Germany’s minister of finance, Wolfgang Schäuble, today called for a “shift in national sovereignty to European institutions” at a debate on European financial policy in Trinity’s Long Room Hub. Speaking at the event, the minister said he is a “strong supporter of political union in Europe” and that he would “prefer the same rules for all 28 countries (of the EU),” though he recognises that that is “not realistic in the short-term” given the need for unanimous support for treaty changes. “European integration has always followed crisis,” he said.
The panel event was chaired by RTE economics correspondent, Sean Whelan, who began by asking both ministers whether they had a “magic formula for recovery”.
Mr Schäuble responded by describing Ireland as a “huge exception”, before outlining what he saw as the three strands of the solution: dealing with unsustainable debt, structural reforms, and investment. Some members, he said, “need urgent institutional reforms”, with that being “a key precondition to sustainable growth.”
Mr Noonan spoke of the necessity to “repair the damage” by improving the originally insufficient framework that underpins the EMU and creating a banking union. He said that “those that didn’t engage in structural reform are the laggards, and include some of the “big countries”. He also highlighted a need to, “develop market sources of finances to drive the economy.” A point that would be repeated by both men, he noted that “great movements forward have been in response to crisis.”
Whelan, who had spoken in his introduction of the need to “bring the corpse of the European economy” to life, next asked if the “European crisis” was over and why Schäuble was opposed to Quantitative Easing (QE).
The “hardcore of the EU crisis,” said Schäuble , was the risk of contagion, pointing to the increase in the spread of Spanish government debt in the wake of a failure to form a coalition in Greece following the general election in May 2012. “Markets have understood that the Eurozone is stable” and that there is “assistance if needed from the European Stability Mechanism Fund,” he said.
As to whether QE – an action by central banks that seeks to stimulate the economy – may work, he said, “I doubt it,” but underlined that it was not his decision and instead that of the independent European Central Bank under Mario Draghi.
Schauble admitted that the Eurozone budget rules had been “violated” by his own country, Germany, in 2003, but said that, “we’ve taken our lesson; now we stick to the rules.”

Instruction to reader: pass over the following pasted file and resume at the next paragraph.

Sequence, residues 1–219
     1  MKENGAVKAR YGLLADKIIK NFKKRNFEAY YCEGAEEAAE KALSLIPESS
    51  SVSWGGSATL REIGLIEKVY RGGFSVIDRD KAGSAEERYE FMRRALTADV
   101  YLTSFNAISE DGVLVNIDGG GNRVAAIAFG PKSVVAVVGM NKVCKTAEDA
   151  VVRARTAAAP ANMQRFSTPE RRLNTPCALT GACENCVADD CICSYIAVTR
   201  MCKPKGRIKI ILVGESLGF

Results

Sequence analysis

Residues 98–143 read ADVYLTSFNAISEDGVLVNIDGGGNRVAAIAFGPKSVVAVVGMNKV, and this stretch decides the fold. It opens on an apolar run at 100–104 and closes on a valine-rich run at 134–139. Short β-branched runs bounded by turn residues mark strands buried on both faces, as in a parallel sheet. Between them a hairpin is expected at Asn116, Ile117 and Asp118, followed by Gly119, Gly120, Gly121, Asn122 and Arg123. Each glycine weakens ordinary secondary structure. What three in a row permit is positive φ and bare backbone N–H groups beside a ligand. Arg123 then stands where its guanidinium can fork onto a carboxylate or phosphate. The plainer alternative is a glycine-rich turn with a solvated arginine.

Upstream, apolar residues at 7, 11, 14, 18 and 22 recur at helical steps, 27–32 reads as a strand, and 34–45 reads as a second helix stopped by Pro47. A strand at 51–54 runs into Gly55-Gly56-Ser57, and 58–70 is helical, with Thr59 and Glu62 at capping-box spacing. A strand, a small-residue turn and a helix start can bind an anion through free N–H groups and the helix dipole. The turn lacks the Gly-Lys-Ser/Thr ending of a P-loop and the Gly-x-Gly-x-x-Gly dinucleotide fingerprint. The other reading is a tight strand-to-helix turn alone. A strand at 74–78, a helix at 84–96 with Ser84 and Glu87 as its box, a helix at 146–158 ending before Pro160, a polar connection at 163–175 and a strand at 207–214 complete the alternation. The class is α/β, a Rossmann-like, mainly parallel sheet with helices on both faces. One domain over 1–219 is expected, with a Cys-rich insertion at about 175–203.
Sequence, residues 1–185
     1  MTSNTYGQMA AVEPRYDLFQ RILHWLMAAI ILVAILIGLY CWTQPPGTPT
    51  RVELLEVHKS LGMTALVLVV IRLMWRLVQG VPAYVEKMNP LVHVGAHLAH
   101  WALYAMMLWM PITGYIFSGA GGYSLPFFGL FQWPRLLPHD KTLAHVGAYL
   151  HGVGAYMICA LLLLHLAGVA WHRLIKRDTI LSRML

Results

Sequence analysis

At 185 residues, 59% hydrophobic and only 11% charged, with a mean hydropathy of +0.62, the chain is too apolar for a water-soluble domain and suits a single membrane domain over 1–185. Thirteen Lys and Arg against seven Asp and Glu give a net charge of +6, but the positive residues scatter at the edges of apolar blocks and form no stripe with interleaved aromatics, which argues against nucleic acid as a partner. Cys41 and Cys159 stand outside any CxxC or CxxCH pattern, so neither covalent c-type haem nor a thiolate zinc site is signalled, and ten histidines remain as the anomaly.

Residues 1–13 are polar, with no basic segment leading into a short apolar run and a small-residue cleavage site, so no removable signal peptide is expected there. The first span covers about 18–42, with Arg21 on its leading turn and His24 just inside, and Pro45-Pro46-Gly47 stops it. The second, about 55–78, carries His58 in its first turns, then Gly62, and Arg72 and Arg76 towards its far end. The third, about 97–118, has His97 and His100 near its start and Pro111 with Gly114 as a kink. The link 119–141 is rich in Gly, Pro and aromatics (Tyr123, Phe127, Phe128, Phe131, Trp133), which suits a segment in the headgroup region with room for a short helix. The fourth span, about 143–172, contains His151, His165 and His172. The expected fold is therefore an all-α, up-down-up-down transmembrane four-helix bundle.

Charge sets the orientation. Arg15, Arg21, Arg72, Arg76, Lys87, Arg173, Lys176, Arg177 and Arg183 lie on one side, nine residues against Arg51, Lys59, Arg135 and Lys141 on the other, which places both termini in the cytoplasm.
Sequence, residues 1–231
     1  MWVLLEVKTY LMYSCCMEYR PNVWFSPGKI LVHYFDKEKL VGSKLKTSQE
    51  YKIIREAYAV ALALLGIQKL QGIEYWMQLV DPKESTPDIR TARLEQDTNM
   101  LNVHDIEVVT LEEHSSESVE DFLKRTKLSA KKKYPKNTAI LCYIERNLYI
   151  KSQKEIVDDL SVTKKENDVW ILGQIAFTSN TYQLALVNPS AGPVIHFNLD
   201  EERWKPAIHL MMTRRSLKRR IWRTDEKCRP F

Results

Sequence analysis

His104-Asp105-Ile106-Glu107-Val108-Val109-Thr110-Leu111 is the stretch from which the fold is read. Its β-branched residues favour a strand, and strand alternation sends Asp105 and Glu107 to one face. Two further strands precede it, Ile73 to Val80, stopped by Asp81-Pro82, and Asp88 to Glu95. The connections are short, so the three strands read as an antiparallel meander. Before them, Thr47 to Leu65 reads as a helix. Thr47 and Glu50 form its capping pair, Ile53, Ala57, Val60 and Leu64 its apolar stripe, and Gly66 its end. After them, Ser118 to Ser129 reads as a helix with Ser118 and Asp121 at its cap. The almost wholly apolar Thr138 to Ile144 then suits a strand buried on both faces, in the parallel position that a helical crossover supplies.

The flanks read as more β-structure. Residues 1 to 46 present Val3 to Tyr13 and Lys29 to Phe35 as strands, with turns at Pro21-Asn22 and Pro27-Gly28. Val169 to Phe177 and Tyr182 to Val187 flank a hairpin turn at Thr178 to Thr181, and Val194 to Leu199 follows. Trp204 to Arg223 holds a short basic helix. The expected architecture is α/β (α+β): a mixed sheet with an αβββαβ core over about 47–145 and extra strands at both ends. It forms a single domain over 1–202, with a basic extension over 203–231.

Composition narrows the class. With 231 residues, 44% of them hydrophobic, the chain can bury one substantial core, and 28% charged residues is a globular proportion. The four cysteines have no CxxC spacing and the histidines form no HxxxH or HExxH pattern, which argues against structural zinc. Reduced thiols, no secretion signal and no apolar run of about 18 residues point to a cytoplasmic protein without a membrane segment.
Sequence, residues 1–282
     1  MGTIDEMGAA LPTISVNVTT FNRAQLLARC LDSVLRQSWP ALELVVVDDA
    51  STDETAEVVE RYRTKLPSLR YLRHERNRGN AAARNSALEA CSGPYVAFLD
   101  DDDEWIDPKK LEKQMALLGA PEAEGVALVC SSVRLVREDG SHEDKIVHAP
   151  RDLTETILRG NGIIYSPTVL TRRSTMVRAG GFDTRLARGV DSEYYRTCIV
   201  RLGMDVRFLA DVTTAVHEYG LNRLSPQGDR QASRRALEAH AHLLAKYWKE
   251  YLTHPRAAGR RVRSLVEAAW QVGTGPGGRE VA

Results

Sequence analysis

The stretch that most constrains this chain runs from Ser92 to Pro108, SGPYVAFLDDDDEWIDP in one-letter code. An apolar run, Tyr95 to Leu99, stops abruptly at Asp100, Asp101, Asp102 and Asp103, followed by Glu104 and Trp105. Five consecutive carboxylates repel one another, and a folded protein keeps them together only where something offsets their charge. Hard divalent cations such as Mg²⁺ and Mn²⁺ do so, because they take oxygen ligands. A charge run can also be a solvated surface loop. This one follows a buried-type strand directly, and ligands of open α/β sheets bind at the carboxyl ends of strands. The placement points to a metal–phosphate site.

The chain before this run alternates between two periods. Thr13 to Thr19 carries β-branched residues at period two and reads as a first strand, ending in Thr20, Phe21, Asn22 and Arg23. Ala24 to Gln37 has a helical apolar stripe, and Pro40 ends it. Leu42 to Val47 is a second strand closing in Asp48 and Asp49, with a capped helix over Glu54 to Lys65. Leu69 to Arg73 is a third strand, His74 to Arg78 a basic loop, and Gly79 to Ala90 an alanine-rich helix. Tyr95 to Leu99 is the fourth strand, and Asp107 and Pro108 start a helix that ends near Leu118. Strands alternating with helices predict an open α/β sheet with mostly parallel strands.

Asked for his views on Eurozone countries failing to meet budgetary requirements, Noonan said there is “trade-off between results and attempted structural reforms” – and that it would be “a valid move” to allow more time if countries were attempting such reforms. He stated the necessity that all Eurozone countries adhered to budgetary rules, saying, “We can’t have a Europe that goes back to one set of rules for big countries, and another for small ones”, to which Schauble said, “I agree”.
Repeating an earlier point, Noonan said that the EU has operated a “stimulus-response model”, which he explained as meaning that it responds to a stimulus, such as the economic crisis. He said Draghi has been “quite successful in operating within his mandate”, and said the next step would be allowing the ECB the “policy lever” possessed by the Bank of England and the US Federal Reserve. Returning to a point he’d made earlier about “external geopolitical threats” such as the EU-Russia border, he said that, as a net exporter of energy, US interests in the Middle East have diminished, and while the US may initially “be our friend” it may “start suggesting, then demanding” that Europe keep peace on its borders
Asked about a “disconnect between electorates and institutions” and an “absence of accountability and transparency”, Schäuble said “you are partly right”. He said he, and Noonan, “can’t move without a mandate” and, with two-thirds of the parties in the European Parliament being strongly pro-Europe, he believed they have it. He noted an “uneasy mood in parts of populations”, but said that “Eurosceptics are a minority, and the majority has rights too.” “In every country, the decision was taken to stay” even though there was often a “hard price”. Schäuble implied that the strength of Eurosceptic parties was a product of weak government, and briefly mentioned France, before quickly saying, “I will not comment.” He cited previously hostile Scandanavia and the Czech Republic (which is now intent on joining despite strong opposition from former president Vaclav Klaus) as examples of countries where support for the Eurozone had increased.
Noting the role of exports to Asian countries in Germany’s success, Philip Lane, head of the economics department, asked what Germany’s fiscal policy would be in the event of an external shock. Having earlier said that “credibility is a valuable economic asset”, Schäuble said that, as minister of finance, “I would be an idiot to discuss what would happen in a crisis”, but, “believe me, we are prepared.”
On the question of the UK’s EU referendum, Schäuble said that he does not believe the UK will leave, joking that “the British are reasonable people” and that leaving the EU would “hurt the UK terribly”. He said there is “a common way, preferably without change to EU treaty, to secure structural reforms”. This commitment to compromise was recognised and welcomed by Noonan.
Noonan said, “Obviously we want the UK to stay in the EU – it’s in our interests.” He said that the UK gives a balance to the Franco-German EU, both economically and ideologically.